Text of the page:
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  • Report Shows Community Development Groups Create Jobs and Grow Local Economies

    Dec 9, 2014 by


    Contact: Ayrianne Parks

    Telephone: 202.579.7445

    Email: Ayrianne@Rapoza.org



    Report Shows Community Development Groups Create Jobs and Grow Local Economies

    A report released by Rapoza Associates shows 26 community development projects resulted in nearly 7,000 jobs in communities still plagued by high unemployment and poverty rates

    December 9, 2014—Washington, D.C.—Amidst federal funding negotiations happening on Capitol Hill, a new report was released today on the impact Community Development Corporations (CDCs) have around the country, as a result of several of these federal programs. The report highlights 26 community-driven projects CDCs have completed over the past few years in urban and rural communities with federal community development funding. Rapoza Associates represents the CDCs and produced the report, which includes case studies and outcome data.

    “Over the last 30 years, federal investments for community development programs have declined by over 75 percent [measured as a share of GDP],” said Bob Rapoza, president and principal of Rapoza Associates. “In response to this, CDCs have skillfully combined limited federal funding with private sector capital to get a payoff for their communities, in terms of improved housing, better community facilities, financing for small business and creation of jobs.”

    2014 CDC Report coverThe case studies highlight projects employing federal program funding, including Office of Community Services’ Community Economic Development grants, Community Development Block Grants, rural development funding from the Department of Agriculture, the Low-Income Housing Tax Credit, the New Markets Tax Credit and other programs targeted toward revitalizing economically distressed communities and neighborhoods.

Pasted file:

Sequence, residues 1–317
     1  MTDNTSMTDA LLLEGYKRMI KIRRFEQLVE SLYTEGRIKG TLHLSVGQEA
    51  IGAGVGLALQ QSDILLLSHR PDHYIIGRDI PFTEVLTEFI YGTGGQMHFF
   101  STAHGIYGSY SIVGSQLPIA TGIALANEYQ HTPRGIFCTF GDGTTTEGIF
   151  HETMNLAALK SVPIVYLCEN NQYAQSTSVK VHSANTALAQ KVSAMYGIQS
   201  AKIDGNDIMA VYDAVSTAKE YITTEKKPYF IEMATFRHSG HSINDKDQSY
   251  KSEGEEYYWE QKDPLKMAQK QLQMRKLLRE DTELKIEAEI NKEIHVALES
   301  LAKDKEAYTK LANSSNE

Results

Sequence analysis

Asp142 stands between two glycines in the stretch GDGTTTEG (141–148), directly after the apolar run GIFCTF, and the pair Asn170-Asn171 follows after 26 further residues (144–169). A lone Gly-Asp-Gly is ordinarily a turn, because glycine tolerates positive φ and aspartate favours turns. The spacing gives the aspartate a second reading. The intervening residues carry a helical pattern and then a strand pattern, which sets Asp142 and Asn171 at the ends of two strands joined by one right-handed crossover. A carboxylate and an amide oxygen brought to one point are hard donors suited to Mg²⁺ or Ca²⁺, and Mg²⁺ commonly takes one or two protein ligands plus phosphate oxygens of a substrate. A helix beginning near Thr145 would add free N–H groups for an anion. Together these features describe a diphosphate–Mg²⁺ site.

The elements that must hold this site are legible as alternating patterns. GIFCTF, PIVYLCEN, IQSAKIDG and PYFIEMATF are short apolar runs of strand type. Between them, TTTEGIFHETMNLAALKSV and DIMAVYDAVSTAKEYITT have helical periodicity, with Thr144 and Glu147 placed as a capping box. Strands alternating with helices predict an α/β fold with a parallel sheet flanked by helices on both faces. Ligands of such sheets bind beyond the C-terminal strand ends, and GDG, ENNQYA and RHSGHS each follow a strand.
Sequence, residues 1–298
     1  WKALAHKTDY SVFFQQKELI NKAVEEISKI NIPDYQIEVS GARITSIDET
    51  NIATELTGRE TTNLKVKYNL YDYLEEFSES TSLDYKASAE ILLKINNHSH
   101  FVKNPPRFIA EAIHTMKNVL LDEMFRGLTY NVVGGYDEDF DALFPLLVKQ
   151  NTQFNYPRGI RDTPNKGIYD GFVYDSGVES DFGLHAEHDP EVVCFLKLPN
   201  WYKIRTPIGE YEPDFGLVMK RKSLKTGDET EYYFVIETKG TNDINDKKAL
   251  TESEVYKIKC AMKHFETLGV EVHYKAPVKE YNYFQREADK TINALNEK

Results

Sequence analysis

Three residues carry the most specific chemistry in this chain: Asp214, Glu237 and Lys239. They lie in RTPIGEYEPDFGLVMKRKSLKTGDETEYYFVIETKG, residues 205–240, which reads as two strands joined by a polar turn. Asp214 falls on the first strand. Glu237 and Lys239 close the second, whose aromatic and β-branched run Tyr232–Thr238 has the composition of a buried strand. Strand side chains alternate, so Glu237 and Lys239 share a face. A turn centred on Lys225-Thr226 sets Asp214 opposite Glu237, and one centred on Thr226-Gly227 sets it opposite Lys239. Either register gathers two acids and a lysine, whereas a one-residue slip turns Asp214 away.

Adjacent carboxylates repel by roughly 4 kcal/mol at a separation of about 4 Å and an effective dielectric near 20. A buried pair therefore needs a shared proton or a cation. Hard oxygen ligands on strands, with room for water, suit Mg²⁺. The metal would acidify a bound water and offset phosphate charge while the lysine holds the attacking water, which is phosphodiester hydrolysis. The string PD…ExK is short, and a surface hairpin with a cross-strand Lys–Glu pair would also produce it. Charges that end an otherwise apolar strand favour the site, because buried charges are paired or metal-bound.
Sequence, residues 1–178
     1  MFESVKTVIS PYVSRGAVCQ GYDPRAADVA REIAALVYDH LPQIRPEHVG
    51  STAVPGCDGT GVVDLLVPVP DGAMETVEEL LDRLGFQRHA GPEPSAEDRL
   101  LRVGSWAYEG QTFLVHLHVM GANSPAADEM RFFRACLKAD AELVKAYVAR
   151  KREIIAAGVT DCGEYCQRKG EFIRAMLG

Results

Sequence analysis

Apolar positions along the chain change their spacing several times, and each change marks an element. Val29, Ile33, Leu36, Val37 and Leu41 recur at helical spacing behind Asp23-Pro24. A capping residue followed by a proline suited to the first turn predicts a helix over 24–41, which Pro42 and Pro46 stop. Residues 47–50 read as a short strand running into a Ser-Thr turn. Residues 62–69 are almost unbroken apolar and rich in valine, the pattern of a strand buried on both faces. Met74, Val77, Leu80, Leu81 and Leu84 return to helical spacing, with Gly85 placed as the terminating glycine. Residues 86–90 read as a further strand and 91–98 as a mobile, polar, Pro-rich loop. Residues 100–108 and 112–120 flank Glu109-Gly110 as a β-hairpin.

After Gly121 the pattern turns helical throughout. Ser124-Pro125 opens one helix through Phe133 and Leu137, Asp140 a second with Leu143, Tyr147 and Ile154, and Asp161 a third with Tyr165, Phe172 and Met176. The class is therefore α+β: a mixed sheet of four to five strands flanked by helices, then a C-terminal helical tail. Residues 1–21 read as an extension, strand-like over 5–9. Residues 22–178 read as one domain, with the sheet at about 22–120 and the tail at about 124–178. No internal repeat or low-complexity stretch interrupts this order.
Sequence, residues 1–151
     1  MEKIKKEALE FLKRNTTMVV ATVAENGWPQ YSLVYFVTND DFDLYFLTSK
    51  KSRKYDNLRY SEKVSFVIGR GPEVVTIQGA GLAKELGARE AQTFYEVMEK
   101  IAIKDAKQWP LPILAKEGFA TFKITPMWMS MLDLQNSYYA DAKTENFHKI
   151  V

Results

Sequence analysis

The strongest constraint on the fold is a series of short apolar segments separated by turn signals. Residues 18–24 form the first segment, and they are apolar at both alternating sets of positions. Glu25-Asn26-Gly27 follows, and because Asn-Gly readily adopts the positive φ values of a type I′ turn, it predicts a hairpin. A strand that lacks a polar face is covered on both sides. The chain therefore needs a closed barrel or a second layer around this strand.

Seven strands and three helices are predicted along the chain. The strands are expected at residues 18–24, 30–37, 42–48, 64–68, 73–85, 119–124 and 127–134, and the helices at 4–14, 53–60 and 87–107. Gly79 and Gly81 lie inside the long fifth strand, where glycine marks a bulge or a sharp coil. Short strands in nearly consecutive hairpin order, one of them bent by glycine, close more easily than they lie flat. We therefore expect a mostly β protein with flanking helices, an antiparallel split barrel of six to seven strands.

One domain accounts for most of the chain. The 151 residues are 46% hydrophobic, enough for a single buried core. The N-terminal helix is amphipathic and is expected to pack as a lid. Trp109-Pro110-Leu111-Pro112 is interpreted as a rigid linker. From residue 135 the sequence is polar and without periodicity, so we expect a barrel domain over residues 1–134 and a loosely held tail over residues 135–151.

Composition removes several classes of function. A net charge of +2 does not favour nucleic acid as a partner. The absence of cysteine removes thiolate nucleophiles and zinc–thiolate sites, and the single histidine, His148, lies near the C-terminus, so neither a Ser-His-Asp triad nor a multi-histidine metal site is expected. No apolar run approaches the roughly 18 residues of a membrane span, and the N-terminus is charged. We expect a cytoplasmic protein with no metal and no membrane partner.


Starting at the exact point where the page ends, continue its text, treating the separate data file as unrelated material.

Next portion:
The 26 projects showcased by 17 CDCs achieved the following results:

    • Created/retained nearly 7,000 jobs in areas struggling with unemployment, the majority of which are in the double digits;
    • Resulted in over 700 units of affordable housing, several community facilities, healthcare facilities, and weatherization projects; and
    • Provided business lending and investments, totaling more than $200 million in areas with exceptionally high poverty rates.

    CDCs work in many of the nation’s poorest areas nationwide, attracting private capital to underserved, investment-starved neighborhoods. With moderate public support from federal, state and local government agencies, CDCs increase capacity by effectively leveraging private capital.

    CDCs apply rigorous standards to the community investments they make. Although they take risks more conventional funders might avoid, they look for projects with a high potential for long-term self-sustainability, and then supply the guidance and technical assistance that can markedly improve the prospects for success. Because CDCs are community-controlled, they are highly accountable, not just to their funding sources, but to the people they serve.

    “The foundation for CDCs is the notion that community revitalization should be initiated locally—and that’s just what they’ve done since the 1960s, quietly working their magic,” says Rapoza.

    About Rapoza Associates

    RAPOZA ASSOCIATES is a lobbying and government relations firm specializing in federal community development policy. Our clients work to build stronger communities across the nation – and we support their work by providing them a range of key services, including representation before Congress and federal agencies and consultation on federal policy and programs. We have more than 30 years of experience in legislative strategy, public policy analysis and action-oriented research.

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